A crash course to UFC 199: Dominick Cruz vs. Urijah Faber
Everything you need to know about this weekend’s UFC 199 fight between Dominick Cruz and Urijah Faber.
You hear professional fighters say it all the time. I’d fight that guy for free! They utter those words with a vengeance, but they don’t mean them. They might think they mean what they say, all amped up in the churning cacophony of prefight trash tossing, but they don’t really. They’re prizefighters, after all, so if there’s no prize, what are they fighting for?
Dominick Cruz and Urijah Faber, when thrust together, are an exception. They might or might not come to blows if no dollars were up for grabs, but they’d surely find some way to get a piece of each other. Neither pays any heed to the sticks-and-stones adage while they’re hurling insults each other’s way. The acrimony is palpable and unrelenting and not for show.
On Saturday night, in the co-main event of UFC 199 at the Forum in Inglewood, Calif., they will tangle for the third time and be paid handsomely for it. Also at stake will be the bantamweight belt that Cruz recaptured in January after spending much of the previous four-plus years on the sideline, healing from knee surgery after knee surgery. On top of all this, there’s a glorious hunk of rubber hanging in the balance, ready to bend in one fighter’s direction, as Faber won the first meeting nearly a decade ago and Cruz took the rematch five years back.
Cruz (21-1) will be making either his first title defense or his fourth, depending on how you look at it. He first became champion in March 2010, when the 135-pound division was part of the WEC, then was awarded the UFC strap later that year when the behemoth promotion absorbed its little cousin. His career was put on hold in the spring of 2012 when he tore his right ACL. Over a year later, after he experienced a setback that necessitated a second surgery, Cruz vacated the belt.
He made a comeback in 2014, wrecking Takeya Mizugaki in just over a minute. But then he tore the ACL in his other knee, and was sidelined until January’s challenge of T.J. Dillashaw, which he won via split decision. Cruz is 31 years old and sits at No. 7 in the SI.com pound-for-pound rankings.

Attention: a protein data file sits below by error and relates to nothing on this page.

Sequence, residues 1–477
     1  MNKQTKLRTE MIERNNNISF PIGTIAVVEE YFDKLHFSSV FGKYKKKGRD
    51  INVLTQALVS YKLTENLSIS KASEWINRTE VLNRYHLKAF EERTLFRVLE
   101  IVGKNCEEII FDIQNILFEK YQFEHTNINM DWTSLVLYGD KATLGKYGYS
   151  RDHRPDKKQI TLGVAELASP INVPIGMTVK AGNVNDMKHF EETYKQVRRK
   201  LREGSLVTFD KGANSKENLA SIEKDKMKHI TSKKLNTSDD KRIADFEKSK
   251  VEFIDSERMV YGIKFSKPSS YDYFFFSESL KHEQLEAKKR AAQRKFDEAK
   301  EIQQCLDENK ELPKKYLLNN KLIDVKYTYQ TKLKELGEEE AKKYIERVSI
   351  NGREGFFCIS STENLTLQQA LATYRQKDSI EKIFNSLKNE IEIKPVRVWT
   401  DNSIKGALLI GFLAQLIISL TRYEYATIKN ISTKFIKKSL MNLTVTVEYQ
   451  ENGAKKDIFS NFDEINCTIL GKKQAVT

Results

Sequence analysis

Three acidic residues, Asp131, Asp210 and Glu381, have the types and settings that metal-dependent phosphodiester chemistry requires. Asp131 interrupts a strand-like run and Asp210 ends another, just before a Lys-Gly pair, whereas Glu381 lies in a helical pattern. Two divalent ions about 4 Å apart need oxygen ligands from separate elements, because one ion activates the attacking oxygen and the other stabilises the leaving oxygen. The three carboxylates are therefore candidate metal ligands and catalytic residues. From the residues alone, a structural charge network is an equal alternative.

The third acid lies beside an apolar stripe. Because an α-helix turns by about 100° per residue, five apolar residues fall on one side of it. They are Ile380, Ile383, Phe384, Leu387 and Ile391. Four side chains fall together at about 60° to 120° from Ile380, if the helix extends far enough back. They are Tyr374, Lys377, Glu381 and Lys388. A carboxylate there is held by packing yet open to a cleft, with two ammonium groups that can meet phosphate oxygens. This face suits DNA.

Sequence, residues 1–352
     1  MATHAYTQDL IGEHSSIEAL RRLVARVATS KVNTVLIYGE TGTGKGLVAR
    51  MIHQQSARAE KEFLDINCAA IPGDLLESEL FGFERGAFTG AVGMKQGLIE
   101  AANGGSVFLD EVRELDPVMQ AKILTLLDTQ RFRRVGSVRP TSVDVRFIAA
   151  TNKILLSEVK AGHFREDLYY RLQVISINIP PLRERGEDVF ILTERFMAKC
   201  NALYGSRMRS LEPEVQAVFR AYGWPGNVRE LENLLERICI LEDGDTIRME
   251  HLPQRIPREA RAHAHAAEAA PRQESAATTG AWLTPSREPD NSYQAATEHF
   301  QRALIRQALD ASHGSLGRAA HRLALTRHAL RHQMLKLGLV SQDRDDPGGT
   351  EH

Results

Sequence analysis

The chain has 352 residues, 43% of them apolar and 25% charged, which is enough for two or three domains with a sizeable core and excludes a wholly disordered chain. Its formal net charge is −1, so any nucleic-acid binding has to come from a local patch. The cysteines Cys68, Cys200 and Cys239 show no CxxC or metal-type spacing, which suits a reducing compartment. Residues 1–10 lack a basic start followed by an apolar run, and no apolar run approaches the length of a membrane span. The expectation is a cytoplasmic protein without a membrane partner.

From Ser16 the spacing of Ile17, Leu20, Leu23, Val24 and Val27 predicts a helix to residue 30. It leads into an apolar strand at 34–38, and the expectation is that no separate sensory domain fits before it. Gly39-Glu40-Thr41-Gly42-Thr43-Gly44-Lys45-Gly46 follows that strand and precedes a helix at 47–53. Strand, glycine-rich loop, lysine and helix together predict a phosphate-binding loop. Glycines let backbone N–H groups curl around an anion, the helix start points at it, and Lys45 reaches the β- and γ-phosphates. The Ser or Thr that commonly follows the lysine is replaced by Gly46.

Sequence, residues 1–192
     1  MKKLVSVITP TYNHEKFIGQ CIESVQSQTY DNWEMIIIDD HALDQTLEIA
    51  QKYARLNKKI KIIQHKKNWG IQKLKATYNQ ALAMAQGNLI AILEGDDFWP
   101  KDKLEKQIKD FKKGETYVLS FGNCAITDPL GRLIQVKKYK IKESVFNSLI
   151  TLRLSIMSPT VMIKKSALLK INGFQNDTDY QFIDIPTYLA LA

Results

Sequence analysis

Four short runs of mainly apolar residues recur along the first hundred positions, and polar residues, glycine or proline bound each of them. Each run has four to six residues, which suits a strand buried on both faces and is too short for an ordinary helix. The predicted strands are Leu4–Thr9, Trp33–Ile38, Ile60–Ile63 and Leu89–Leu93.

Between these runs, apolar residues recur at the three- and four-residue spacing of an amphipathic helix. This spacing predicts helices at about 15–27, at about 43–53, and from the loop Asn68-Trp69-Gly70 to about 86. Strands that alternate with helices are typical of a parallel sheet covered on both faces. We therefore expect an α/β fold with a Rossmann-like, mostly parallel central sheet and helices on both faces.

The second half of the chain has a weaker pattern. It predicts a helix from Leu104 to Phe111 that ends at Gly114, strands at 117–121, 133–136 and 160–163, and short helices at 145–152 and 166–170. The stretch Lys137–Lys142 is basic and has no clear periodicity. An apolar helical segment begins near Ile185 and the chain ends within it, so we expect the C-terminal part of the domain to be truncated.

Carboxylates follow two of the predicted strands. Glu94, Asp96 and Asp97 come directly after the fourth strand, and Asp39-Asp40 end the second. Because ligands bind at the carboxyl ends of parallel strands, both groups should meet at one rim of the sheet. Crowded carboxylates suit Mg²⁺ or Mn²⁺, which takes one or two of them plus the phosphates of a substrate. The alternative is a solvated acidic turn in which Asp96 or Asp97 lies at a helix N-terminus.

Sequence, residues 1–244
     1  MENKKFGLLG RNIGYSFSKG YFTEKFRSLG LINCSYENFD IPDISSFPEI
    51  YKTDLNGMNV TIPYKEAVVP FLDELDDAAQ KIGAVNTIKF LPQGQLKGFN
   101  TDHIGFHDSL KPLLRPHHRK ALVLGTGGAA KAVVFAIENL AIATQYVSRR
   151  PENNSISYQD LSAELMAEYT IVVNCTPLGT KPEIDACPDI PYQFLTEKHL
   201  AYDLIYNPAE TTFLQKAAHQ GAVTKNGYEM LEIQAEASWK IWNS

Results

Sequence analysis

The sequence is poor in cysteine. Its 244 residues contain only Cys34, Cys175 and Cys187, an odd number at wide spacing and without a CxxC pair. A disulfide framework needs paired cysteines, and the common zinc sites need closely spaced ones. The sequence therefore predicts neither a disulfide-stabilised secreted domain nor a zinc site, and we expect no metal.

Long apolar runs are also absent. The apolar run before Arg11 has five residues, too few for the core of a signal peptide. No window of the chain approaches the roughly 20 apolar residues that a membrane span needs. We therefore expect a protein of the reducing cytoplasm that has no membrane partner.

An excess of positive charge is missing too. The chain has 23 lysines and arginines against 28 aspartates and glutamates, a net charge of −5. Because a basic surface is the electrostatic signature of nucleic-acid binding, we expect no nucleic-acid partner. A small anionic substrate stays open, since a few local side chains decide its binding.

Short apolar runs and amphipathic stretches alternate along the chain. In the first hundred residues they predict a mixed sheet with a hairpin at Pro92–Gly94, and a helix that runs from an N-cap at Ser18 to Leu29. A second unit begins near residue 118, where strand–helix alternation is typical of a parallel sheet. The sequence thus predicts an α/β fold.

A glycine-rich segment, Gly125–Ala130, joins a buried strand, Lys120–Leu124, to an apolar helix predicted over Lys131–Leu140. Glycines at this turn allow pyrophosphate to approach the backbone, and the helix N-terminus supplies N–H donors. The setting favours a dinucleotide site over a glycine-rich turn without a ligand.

For the 37-year-old Faber, title fights have become part of his routine, frustratingly so. This will be his fourth shot at the UFC bantamweight belt; he lost the other three, to Renan Barão in 2014 and 2012 and to Cruz in 2011. He also made two unsuccessful challenges for the WEC featherweight strap he once wore, losing to Jose Aldo in 2010 and Mike Brown in ’09. Faber (33-8) is No. 4 in SI.com’s bantamweight rankings.
In addition to the pay-per-view telecast of Saturday night’s five-fight main card, four prelims will be shown on Fox Sports 1, starting at 8 p.m. ET, and the event’s first four bouts will be available on the UFC Fight Pass streaming service at 6:15.
The animosity between Cruz and Faber can be traced to the days prior to their first fight, which was for Faber’s WEC featherweight belt. At the time, Cruz was an undefeated 22-year-old. He took one look at the promotional fight poster, which featured Faber’s face but not his, and felt disrespected. So when he was asked to autograph posters for charity, he signed his name right across Faber’s face, obscuring it from forehead to cleft chin. And so was born a bitter rivalry.
Last Five Fights
|CRUZ (21-1)||fABER (33-8)|
|1/17/16 T.J. Dillashaw W SD 5||12/12/15 5/16/15 Frankie Saenz W UD 5|
|9/27/14 Takeya Mizugaki W KO 1||5/16/15 Frankie Edgar L UD 5|
|10/1/11 Demetrious Johnson W UD 5||12/6/14 Francisco Rivera W Sub. 2|
|7/2/11 Urijah Faber W UD 5||7/5/14 Alex Caceres W Sub. 3|
|12/16/10 Scott Jorgensen W UD 5||2/1/14 Renan Barão L TKO 1|